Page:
Would You "Friend" the Apostle Paul?
Mike PohlmanMike serves as the senior pastor at Immanuel Bible Church in Bellingham, Washington. Mike is a former church planter in the Pacific Northwest, and served for three years as the executive producer of The Albert Mohler Program, a nationally syndicated radio show dedicated to Christianity and culture. Mike has a PhD in American church history from The Southern Baptist Theological Seminary. Mike is husband to Julia and father to four wonderful children: Samuel (12), Anna (10), John (9) and Michael (4). When not pastoring, Mike loves sports, music, and hanging out with his family.
- 2009 Mar 06
In the church today we need more people like Onesiphorus. He's one of those biblical characters that can be easily overlooked as we tend to focus on the "giants" of Scripture (i.e., Abraham, Moses, David, Peter, Paul, etc.).
Consider, for example, what we learn of Onesiphorus in 2 Timothy 1:15-18:
You are aware that all who are in Asia turned away from me, among whom are Phygelus and Hermogenes. May the Lord grant mercy to the household of Onesiphorus, for he often refreshed me and was not ashamed of my chains, but when he arrived in Rome he searched for me earnestly and found me--may the Lord grant him to find mercy from the Lord on that Day!--and you well know all the service he rendered at Ephesus.
Three things in particular about Onesiphorus stand out:
1. When everyone else abandoned Paul, Onesiphorus went to him. Onesiphorus was not one to just "go along with the crowd." He risked ridicule, mockery and scorn to actually go against the prevailing tide of popular opinion regarding Paul.
2. Onesiphorus was not dissuaded by initial difficulties. So many of us have great idealism--until it gets hard. Then, we turn away. Not Onesiphorus. When he arrived in Rome and could not find Paul, the apostle commends Onesiphorus's perseverance: "when he arrived in Rome he searched for me earnestly and found me." Beautiful. What a friend!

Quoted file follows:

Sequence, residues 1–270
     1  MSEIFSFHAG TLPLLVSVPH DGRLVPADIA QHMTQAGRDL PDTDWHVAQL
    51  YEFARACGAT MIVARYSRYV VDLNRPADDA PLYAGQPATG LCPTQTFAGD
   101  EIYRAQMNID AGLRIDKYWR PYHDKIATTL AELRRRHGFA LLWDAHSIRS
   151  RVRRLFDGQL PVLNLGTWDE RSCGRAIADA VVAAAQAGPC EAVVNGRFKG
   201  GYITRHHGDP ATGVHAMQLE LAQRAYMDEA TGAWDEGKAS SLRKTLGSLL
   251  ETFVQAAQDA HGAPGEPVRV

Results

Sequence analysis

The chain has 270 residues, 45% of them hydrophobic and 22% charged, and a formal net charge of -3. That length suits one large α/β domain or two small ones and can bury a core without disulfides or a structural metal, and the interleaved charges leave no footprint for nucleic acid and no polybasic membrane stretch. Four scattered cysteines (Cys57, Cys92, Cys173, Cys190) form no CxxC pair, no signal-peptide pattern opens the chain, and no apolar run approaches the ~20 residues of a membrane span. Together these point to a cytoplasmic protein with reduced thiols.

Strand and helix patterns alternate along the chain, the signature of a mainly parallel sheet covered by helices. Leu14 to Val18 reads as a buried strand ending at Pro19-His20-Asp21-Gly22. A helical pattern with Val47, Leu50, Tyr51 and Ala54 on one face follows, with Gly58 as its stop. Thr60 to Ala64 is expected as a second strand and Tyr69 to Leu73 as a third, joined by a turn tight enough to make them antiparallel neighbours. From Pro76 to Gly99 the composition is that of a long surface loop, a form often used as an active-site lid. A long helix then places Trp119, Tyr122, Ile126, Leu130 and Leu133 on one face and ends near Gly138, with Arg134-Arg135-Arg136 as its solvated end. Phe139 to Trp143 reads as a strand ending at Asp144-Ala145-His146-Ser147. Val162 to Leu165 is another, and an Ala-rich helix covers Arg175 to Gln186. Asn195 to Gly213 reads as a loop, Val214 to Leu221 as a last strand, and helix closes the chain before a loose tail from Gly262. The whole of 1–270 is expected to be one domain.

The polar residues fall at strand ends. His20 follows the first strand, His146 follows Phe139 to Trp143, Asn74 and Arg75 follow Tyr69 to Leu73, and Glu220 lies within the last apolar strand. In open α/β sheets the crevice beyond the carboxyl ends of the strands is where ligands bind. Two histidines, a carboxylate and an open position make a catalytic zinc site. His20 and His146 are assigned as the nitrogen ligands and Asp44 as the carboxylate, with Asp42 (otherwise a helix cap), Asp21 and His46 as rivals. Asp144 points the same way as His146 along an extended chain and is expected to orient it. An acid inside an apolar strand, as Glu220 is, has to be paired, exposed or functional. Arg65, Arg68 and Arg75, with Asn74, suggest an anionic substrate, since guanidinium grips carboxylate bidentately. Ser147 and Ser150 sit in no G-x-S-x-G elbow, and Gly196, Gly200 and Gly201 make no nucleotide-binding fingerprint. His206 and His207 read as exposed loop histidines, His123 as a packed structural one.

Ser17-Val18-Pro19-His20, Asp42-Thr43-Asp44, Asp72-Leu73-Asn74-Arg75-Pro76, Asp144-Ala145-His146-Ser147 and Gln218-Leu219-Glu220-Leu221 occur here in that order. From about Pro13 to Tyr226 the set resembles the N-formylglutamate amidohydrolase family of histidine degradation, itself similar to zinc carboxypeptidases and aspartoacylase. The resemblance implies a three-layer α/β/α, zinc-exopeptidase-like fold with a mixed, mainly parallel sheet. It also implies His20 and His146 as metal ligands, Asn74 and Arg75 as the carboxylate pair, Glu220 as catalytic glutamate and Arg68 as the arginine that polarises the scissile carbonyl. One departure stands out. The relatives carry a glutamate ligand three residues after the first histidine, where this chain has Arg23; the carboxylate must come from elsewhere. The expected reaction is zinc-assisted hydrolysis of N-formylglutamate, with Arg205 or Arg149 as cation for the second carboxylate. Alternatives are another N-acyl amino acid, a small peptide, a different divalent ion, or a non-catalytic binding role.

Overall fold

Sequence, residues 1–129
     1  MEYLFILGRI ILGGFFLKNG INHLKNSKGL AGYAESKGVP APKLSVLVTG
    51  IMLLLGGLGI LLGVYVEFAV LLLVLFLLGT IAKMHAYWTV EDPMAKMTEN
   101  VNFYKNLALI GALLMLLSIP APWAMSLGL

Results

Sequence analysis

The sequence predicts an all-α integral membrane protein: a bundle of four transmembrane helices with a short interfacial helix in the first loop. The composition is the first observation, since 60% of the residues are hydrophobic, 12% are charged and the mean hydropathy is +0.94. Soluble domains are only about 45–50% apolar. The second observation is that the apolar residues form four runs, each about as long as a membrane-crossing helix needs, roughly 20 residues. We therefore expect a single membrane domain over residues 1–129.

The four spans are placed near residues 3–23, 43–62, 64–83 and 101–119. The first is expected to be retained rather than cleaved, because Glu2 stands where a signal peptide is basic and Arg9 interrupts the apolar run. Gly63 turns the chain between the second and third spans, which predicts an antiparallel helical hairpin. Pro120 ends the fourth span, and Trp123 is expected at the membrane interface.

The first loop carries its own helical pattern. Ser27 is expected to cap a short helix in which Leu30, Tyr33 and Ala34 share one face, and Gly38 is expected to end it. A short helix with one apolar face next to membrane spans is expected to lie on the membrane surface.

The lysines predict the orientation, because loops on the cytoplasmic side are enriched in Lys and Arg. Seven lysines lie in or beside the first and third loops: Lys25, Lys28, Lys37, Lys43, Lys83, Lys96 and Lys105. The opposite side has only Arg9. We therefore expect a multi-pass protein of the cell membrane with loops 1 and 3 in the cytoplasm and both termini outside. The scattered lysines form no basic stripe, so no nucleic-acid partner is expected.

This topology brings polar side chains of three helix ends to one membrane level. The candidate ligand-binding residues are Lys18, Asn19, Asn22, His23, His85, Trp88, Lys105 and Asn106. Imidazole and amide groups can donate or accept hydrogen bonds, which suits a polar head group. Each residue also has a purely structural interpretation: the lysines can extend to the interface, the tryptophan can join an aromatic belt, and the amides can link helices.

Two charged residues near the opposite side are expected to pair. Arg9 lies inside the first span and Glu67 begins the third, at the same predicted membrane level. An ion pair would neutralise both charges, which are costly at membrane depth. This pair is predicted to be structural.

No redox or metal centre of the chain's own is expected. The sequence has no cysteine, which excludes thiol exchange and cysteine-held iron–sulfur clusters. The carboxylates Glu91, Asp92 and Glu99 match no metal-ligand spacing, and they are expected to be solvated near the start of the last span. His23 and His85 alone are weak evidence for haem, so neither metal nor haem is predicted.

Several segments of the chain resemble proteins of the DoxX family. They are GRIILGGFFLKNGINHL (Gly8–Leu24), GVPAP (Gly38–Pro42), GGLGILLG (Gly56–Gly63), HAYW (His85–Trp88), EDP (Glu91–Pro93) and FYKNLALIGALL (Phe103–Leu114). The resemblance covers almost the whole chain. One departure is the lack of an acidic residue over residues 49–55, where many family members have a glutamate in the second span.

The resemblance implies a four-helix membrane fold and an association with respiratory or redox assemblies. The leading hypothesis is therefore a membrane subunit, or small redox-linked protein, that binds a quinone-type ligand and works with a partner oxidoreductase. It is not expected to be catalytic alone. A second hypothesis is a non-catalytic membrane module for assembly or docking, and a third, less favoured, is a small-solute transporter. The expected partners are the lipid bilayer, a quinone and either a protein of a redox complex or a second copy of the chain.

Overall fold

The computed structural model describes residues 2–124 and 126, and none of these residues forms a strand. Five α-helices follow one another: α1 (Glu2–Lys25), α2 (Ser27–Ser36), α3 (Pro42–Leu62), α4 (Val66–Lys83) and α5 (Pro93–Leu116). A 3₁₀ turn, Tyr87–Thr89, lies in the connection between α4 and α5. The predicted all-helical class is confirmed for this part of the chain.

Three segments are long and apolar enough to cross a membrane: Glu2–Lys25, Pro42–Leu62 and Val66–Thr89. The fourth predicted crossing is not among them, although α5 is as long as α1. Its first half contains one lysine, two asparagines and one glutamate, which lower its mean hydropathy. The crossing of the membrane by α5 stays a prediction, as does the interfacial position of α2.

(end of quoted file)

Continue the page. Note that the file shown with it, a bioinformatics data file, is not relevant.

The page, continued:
3. Onesiphorus was not ashamed of Paul. This is far greater than simply saying "Onesiphorus refreshed me." If that's all Paul had said we might wonder if Onesiphorus did it quietly--perhaps at night when no one could see. Did he sneak over to Paul's cell when no one was looking because he was embarrased by his association with Paul? Not this friend. Paul, with perhaps the same tears I have welling up in my eyes as I type, wrote that Onesiphorus "was not ashamed of my chains." Onesiphorus did not care what people uttered or murmered--he was proud of Paul's determination to suffer for the sake of Christ.
What enabled Onesiphorus to act like this? What makes someone this counter-cultural, this counter-human? I can only conclude that Onesiphorus was so overwhelmed by his love for Jesus that he was now free from the approval of people; free from the fear of scorn; free from the allure of the world; free from indifference. Onesiphorus, by the power of the Gospel, was free to love.
What I see in Onesiphorus is the embodiment of Galatians 5:6, namely, "faith working through love." Onesiphorus's faith had an impulse--and that impulse was love. And this love was not weak or afraid or self-conscious in any way.
God help me to love like this.